Apple's alleged favorable tax treatment by the Irish government will come under renewed scrutiny Tuesday, when the European Commission publishes its reasons for opening an in-depth investigation into the company's tax affairs.
Since June the Commission has been investigating whether Apple profited from state aid said to be worth billions of euros through favorable tax treatment from the Irish government. Both the company and the government deny any wrongdoing.
The Commission will publish its reasons for opening the investigation, and another involving auto maker Fiat, on Tuesday, Commission spokesman Antoine Colombani said in an email, declining to provide further details.
On Sunday, though, the Financial Times reported that Apple will be accused of striking illegal tax deals with the Irish government. The report, citing people involved in the case, said Apple profited for more than two decades from the deals, which could have netted it billions.
Colombani said the Commission will not publish any findings on Tuesday. In June, the Commission said in its preliminary analysis of the case that Apple could have received significant tax reductions from the Irish tax authorities.
Under European Union state aid rules, national authorities are not allowed to take measures allowing companies to pay less tax than they should. If the Commission were to find that Apple and the Irish government violated the state aid rules, Ireland could be required to recover the aid with interest from Apple.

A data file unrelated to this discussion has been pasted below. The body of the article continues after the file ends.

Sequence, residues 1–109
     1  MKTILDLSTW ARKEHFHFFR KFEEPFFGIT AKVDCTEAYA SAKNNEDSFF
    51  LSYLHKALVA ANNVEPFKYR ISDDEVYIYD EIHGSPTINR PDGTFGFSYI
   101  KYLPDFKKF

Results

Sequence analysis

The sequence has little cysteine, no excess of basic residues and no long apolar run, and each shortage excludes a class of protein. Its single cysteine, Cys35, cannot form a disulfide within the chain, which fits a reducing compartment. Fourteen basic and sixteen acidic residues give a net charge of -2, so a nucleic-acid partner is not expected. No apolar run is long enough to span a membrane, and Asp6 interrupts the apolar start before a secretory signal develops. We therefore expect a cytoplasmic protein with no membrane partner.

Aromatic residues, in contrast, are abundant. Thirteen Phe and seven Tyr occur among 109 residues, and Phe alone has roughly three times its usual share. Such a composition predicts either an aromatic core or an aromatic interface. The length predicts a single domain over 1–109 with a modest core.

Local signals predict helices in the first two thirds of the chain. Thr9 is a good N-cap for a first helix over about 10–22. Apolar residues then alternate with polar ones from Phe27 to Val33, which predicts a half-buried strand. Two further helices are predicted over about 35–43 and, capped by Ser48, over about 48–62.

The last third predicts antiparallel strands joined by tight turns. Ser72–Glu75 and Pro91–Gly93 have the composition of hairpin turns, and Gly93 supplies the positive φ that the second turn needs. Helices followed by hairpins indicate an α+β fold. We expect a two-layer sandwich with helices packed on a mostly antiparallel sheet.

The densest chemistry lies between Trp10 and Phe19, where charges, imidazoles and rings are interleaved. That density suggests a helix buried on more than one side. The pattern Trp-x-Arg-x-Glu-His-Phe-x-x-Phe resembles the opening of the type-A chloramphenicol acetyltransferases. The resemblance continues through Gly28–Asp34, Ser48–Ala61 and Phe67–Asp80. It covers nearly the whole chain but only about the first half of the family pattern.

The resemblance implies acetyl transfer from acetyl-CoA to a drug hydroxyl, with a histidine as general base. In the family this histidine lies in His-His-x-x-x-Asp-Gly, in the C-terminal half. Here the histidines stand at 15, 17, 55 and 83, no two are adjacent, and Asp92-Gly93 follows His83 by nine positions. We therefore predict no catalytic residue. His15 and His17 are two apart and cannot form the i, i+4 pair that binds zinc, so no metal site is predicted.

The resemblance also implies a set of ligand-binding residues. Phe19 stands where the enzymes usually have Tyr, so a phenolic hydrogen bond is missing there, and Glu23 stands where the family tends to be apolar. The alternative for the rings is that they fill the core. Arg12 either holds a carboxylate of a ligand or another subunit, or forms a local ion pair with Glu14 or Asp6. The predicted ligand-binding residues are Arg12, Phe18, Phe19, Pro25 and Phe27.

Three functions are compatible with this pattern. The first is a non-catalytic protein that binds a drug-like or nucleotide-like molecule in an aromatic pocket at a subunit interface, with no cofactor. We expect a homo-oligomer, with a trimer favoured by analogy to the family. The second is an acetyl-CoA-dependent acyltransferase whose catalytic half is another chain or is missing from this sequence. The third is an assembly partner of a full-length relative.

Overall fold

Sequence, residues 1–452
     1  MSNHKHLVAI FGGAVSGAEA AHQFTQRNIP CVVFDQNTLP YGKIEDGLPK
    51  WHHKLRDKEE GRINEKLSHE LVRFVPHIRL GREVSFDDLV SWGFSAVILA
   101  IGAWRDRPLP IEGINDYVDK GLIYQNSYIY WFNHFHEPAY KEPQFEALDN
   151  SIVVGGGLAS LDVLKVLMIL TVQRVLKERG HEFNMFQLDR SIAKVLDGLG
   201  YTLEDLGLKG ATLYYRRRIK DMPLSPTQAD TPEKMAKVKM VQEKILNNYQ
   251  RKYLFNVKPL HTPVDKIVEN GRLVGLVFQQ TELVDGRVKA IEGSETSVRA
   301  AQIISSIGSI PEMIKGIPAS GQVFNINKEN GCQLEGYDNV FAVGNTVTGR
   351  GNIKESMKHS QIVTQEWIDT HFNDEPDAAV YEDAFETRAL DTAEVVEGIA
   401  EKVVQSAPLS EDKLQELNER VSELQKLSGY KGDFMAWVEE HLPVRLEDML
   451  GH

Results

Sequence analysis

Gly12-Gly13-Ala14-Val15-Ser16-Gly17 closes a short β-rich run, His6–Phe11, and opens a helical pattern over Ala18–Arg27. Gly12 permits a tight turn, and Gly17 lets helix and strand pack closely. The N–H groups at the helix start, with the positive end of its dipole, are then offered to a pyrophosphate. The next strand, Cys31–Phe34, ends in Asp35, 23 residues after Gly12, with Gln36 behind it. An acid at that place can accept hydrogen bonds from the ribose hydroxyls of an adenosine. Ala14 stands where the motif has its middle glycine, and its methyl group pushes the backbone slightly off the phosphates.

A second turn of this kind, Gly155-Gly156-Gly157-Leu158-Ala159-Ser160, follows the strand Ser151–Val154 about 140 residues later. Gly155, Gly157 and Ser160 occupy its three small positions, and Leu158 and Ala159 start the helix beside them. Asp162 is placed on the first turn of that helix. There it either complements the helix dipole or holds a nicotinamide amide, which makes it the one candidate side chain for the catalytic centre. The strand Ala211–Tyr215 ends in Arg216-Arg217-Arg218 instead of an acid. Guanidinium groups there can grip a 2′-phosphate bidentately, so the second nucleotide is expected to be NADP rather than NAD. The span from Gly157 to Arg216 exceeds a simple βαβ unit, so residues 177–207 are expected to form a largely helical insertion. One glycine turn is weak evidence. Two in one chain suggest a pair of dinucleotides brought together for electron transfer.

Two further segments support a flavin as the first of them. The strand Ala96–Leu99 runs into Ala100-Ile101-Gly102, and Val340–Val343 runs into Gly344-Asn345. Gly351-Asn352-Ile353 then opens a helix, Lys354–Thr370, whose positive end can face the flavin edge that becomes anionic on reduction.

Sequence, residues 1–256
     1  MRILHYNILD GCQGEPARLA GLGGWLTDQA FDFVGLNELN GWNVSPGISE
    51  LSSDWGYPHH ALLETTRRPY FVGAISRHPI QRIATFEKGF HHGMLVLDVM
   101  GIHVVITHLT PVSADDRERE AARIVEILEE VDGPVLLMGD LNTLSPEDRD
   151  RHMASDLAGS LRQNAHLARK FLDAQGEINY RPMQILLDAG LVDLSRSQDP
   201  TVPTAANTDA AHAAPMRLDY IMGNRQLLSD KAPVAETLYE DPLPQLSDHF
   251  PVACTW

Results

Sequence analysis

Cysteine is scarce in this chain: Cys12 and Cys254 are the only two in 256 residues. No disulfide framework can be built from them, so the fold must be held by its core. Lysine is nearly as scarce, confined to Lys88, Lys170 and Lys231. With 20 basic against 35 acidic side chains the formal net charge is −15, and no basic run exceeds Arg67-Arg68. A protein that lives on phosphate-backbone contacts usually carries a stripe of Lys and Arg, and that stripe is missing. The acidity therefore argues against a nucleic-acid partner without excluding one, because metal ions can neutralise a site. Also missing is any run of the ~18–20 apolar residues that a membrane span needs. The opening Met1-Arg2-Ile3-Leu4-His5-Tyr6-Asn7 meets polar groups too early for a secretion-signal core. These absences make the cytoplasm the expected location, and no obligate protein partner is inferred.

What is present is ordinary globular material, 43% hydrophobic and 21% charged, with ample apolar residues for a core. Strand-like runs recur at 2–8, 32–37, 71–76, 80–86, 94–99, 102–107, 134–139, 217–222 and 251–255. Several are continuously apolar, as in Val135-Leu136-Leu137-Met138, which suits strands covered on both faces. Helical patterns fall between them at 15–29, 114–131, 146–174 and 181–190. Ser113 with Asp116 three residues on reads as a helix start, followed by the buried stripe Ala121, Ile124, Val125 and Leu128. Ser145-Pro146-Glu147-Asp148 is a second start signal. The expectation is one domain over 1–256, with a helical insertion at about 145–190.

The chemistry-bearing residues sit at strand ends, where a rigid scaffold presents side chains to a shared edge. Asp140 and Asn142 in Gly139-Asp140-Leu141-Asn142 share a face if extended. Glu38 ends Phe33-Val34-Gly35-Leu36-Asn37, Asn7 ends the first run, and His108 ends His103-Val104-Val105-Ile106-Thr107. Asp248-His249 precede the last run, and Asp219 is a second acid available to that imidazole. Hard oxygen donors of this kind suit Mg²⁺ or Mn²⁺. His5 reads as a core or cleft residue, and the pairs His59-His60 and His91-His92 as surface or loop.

Apple CFO Luca Maestri told the FT on Sunday that "there's never been any special deal, there's never been anything that would be construed as state aid." According to Maestri, Apple did speak with the Irish tax authorities but in doing so it was simply trying to understand what was the right amount of taxes it would have to pay in Ireland.
The Irish government did not immediately respond to a request for comment.
The probe into Apple's tax affairs is part of a wider crack-down on state aid provided by EU member states. The Commission has started similar investigations of two non-tech companies, looking into the taxes paid by Starbucks in the Netherlands, and by Fiat Finance and Trade in Luxembourg. New investigations into tax regimes in other states may be opened in the future.
After the Apple probe decision is published on the Commission's website, it will take a few weeks for it to be published in the Official Journal of the EU. From then, interested third parties will have one month to submit comments to the Commission, which will continue to investigate the case, Colombani said.
Loek is Amsterdam Correspondent and covers online privacy, intellectual property, open-source and online payment issues for the IDG News Service. Follow him on Twitter at @loekessers or email tips and comments to firstname.lastname@example.org